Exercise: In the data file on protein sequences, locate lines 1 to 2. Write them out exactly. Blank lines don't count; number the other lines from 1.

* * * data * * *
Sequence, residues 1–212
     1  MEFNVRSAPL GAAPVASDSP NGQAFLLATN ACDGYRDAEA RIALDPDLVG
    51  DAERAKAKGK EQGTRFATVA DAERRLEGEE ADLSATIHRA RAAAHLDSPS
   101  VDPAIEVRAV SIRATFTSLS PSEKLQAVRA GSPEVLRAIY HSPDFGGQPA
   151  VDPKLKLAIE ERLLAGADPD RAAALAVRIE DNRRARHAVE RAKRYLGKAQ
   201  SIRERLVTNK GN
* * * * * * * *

Sequence, residues 1–212
     1  MEFNVRSAPL GAAPVASDSP NGQAFLLATN ACDGYRDAEA RIALDPDLVG